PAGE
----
7 Lonworks FT-10 documentation recommends that the total cable run be no longer than 1640 feet and you put no more than 64 devices on a network.

As was the case with RS-485, you can extend the FT-10 cable distance with an FT-10 repeater.  You can also extend beyond 64 devices by creating sub-networks and connecting them together with an FT-10 bridge or router.

Please note that even though RS-485 and FT-10 both use a single twisted pair to carry the data signals, they are totally incompatible electrically!  You cannot ever tie an RS-485 network cable directly to an FT-10 network cable.  

If you want to communicate between an RS-485 network and an FT-10 network, you must use a “Gateway” device which has an RS-485 port on one side and an FT-10 port on the other side:

8 Ethernet  

Ethernet was invented back in the 1970s by Xerox and is extremely popular in the Information Technology world.  BACnet IP and Modbus TCP protocols use the Ethernet physical layer.

There are several different versions of “Ethernet” networks, but the two we deal with in building automation are the 10BASE-T and 100BASE-T versions.  The only significant difference is the speeds.  10BASE-T runs at 10M (10 million bits per second).  100BASE-T runs at 100M (100 million bits per second).

10BASE-T and 100BASE-T devices can be mixed on a network.  If a 100BASE-T device needs to talk to a 10BASE-T device, it simply drops its speed to the 10BASE-T rate temporarily.

The two styles of Ethernet cables you’re likely to encounter in building automation are designated as CAT5 (Category 5) and CAT5e (Category 5 Enhanced).  Both cable styles can be used with either 10BASE-T or 100BASE-T, but CAT5e cable gives superior performance.

The 10/100BASE-T cable contains four twisted pairs, but only two of them are used to carry the data: 9 The other two twisted pairs may be left unused or used for some other purpose.

Standard length off-the-shelf 10/100BASE-T cables typically come with RJ-45 plugs pre-installed on the ends of the cable.  RJ-45 plugs look like modular telephone plugs except they are wider and have positions for 8 connections.  If you need to make a custom length 10/100BASE-T cable, you can buy a bag of loose RJ-45 plugs and a special wire stripper/crimper tool and attach RJ-45 plugs yourself (but it is a bit tedious to do).

Unlike RS-485 and FT-10, you can only connect two devices with a 10/100BASE-T cable!  And the recommended maximum cable length is only 330 feet.  So how are we able to network many devices together?  The answer is in the use of Ethernet cable-sharing devices such as “hubs” and “switches.”

These hubs and switches have multiple RJ-45 data jacks for plugging in Ethernet cables.  They are used to build out an Ethernet network “like a tree”:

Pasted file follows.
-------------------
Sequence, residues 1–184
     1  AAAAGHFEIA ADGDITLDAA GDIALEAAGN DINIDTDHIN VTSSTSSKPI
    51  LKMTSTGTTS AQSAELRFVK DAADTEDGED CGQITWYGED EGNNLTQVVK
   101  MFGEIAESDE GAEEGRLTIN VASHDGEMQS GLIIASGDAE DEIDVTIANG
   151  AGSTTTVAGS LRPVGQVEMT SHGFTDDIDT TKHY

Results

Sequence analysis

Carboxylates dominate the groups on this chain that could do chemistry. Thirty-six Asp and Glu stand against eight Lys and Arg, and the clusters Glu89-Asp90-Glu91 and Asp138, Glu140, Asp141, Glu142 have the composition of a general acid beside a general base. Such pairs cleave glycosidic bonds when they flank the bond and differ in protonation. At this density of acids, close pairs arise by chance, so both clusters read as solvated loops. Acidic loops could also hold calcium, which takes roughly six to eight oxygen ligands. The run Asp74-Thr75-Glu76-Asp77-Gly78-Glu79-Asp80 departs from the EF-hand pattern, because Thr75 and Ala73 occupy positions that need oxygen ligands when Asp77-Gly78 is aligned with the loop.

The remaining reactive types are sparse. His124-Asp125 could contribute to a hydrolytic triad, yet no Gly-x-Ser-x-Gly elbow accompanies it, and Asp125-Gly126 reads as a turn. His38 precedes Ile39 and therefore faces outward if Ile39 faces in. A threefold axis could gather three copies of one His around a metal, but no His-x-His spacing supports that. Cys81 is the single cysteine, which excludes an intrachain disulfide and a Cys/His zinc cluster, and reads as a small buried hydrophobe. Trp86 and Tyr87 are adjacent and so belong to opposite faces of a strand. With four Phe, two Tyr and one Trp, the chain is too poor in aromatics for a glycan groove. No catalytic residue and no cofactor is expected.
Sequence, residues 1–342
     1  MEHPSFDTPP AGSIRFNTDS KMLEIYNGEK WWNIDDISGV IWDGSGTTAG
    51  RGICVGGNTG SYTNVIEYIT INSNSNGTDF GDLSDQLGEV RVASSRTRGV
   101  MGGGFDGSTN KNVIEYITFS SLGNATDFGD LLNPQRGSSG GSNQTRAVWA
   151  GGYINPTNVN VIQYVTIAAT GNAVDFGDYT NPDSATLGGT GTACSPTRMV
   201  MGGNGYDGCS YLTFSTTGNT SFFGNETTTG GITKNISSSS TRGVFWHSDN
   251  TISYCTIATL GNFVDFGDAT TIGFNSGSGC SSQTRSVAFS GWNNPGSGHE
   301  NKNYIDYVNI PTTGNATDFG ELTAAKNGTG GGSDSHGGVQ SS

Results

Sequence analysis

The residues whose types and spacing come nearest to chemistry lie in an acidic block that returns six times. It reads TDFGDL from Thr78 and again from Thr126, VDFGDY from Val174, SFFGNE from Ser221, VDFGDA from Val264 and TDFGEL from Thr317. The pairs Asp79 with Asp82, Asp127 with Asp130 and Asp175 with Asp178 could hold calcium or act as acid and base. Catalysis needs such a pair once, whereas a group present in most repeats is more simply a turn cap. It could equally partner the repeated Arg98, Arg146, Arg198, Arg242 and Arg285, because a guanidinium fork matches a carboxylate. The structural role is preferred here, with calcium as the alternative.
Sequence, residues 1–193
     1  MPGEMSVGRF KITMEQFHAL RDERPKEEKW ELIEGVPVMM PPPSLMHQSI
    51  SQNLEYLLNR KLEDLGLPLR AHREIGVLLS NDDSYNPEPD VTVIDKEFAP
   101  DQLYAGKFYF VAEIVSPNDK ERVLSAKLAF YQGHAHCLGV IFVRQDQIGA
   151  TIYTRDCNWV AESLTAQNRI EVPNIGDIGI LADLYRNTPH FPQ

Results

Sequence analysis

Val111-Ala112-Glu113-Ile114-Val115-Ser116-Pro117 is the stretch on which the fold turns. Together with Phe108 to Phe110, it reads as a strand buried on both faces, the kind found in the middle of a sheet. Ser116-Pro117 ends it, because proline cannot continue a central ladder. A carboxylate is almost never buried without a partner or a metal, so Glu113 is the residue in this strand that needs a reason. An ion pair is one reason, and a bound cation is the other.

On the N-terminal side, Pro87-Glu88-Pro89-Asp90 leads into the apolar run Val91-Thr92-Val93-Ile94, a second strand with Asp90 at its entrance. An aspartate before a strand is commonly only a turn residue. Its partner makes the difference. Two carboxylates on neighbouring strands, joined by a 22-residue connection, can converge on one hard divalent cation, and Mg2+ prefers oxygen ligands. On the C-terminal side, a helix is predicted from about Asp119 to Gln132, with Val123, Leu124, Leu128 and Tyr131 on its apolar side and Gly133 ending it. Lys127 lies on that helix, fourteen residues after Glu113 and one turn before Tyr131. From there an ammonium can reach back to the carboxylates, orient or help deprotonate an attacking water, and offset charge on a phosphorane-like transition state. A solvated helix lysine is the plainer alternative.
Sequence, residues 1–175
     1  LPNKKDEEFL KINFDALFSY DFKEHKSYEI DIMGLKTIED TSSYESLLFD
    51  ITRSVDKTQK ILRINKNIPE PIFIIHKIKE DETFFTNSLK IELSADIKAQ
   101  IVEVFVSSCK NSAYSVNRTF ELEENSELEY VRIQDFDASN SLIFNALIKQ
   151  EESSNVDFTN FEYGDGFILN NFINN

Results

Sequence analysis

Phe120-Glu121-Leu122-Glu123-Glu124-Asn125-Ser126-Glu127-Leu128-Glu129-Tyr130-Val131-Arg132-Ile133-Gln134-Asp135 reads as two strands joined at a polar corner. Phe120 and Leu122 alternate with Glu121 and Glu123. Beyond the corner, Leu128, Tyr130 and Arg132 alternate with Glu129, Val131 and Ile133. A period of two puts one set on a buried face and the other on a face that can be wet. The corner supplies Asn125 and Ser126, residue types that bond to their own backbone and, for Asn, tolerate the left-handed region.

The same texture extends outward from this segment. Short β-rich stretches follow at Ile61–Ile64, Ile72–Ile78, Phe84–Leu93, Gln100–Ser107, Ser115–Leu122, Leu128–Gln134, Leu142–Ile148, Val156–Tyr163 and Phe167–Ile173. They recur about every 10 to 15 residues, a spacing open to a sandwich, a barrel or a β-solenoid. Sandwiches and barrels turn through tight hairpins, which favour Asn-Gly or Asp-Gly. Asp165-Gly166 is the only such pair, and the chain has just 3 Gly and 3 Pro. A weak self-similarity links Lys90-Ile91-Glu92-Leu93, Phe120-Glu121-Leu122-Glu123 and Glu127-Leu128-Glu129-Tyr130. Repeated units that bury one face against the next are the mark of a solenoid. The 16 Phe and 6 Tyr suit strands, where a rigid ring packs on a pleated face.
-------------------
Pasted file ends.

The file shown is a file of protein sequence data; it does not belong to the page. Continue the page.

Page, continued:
10 An Ethernet ‘Hub” forwards everything it receives on any port out all the other ports on the hub.  So if an Ethernet network is built using all hubs, every end device on the network must listen to every conversation on the network whether it’s involved or not.  This creates a lot of unnecessary traffic and slows down the operation of the network.

An Ethernet “Switch” learns where the different end-devices are located in the network and restricts the traffic flow to only those network segments that are needed to reach the specified end device.  This greatly reduces unnecessary traffic on the network and speeds up response time.

An Ethernet “Router” is used to connect multiple Local Area Networks (LANs) together to form a Wide Area Network (WAN).  There are also Ethernet “Gateways” to connect Ethernet networks to RS-485 or FT-10 networks.


RS-232 is a physical communications layer that is used for making point-to-point connections between 2 pieces of equipment.

You may find that some network devices include an RS-232 port for connecting to a computer to perform device configuration.  This RS-232 port is not for the network connection, only for configuring the device prior to using it on a network.

RS-232 ports on older equipment used 25-pin connectors like this: 11 Modern equipment providing RS-232 ports use 9-pin connectors like this: 12 The connectors come in both male and female versions, so when connecting two pieces of equipment you must the sure that the cable has the correct gender connectors.

A “normal” RS-232 cable will have a male connector on one end and a female connector on the other end with “straight-through” wiring (pin 1 connects to pin 1, pin 2 connects to pin 2, etc.).  But sometimes a custom cable must be purchased or fabricated with male-male or female-female connectors and possibly with crossed wiring between the pins.  The details of these special RS-232 cables are beyond Networking 101.

1 thought on “Networking 101: BAS Network Cabling

Leave a Reply

Your email address will not be published. Required fields are marked *